October 18, 06

Vol. 22 , No. 03   

View Entire Issue (Vol. 22 , No. 03)

Leo Strauss’s Locke and the American Founding
LUNCH 11:45 a.m. LECTURE 12:15 p.m.

No subject has stirred more controversy among “Straussians” than the chapter on John Locke in Natural Right and History (1953). It is a primary source for Leo Strauss’s understanding of the foundations of modernity as “low but solid,” and of the American Founding as quintessentially modern—and more low than solid. Allan Bloom, in the Closing of the American Mind (1987), blames the moral disintegration we see around us on the egalitarianism propelled into the regime by the Declaration of Independence. Walter Berns has written that the beginning of the Declaration and its end contradict each other. The “rights” of the beginning, he held, are wholly self-regarding, and could not justify the commitment to our “sacred honor.” Locke is looked upon, in short, as Hobbes with false whiskers.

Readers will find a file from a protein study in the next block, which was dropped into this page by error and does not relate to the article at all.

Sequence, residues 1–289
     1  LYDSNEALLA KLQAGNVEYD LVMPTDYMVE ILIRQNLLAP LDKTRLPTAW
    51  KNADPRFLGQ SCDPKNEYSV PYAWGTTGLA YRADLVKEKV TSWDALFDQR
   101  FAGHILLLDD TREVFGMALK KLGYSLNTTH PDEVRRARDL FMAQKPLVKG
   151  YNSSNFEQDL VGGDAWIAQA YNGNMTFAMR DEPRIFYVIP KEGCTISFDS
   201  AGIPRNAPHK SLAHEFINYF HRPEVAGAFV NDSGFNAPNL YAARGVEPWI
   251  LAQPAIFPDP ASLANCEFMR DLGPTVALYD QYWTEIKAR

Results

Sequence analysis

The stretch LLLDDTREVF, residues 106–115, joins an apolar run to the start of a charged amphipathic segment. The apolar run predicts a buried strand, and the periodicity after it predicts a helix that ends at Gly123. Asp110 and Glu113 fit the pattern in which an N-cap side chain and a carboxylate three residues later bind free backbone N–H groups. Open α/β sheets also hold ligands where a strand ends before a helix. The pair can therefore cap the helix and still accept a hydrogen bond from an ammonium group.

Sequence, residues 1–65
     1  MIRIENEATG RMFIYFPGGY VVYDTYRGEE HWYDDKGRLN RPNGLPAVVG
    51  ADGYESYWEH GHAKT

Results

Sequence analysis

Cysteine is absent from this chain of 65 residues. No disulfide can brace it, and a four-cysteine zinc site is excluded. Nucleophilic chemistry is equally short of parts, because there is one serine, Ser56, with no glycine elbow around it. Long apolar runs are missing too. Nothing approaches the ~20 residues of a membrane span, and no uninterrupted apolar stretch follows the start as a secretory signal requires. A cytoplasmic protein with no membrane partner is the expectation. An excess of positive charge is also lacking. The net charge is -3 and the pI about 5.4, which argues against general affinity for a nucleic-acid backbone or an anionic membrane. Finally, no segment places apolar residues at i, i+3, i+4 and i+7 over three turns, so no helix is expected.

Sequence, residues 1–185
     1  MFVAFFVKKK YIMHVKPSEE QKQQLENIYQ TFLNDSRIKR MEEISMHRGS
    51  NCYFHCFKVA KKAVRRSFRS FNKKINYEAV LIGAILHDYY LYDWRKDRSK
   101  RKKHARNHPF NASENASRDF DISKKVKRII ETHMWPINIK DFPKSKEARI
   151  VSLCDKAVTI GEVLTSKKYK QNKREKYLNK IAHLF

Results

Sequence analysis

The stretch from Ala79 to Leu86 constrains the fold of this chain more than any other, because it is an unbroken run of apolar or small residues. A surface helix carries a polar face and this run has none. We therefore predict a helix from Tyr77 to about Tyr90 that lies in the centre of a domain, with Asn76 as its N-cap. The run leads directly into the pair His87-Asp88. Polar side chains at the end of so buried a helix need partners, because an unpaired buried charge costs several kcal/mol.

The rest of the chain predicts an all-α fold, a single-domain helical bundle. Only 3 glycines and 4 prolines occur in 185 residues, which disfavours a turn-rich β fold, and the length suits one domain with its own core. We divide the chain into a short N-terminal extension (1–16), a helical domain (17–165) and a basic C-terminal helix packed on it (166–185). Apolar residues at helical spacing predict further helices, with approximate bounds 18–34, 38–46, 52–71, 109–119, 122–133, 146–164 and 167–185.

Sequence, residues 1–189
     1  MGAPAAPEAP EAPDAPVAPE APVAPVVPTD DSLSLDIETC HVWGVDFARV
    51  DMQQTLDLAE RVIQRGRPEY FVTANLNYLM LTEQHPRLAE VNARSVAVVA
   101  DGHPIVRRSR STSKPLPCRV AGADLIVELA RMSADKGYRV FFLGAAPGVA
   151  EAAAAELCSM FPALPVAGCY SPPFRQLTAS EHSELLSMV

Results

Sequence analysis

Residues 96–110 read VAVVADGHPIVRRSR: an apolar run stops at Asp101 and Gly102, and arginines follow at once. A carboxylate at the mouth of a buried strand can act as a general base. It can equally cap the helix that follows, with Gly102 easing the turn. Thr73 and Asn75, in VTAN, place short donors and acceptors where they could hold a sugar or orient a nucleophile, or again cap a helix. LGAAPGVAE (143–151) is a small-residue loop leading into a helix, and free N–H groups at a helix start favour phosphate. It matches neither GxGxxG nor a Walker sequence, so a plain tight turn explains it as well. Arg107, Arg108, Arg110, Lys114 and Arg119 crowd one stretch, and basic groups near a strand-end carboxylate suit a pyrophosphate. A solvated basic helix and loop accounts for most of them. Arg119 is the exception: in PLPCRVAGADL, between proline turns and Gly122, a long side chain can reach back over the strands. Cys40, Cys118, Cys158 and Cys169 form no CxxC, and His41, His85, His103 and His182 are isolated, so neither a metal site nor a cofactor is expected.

Harry V. Jaffa, the Henry Salvatori Research Professor of Political Philosophy Emeritus, takes up this challenge in a luncheon talk at the Athenaeum. Kicking off the Salvatori Center’s seminar on Leo Strauss, Jaffa argues that the moral horizons of the American founding, and of Locke himself, were far higher from this well-known interpretation would suggest. In fact, Jaffa argues that if Aristotle had been alive and well in England in 1670, he would have written a handbook for legislators very much like Locke’s Second Treatise of Government (1690). Thus, the elements of classical natural right were in the Founding, as Lincoln said they were. And they were in John Locke, which is where the Founders had found them.

Please join the Athenaeum and the Salvatori Center for this dazzling talk by one of CMC’s greatest scholars and teachers.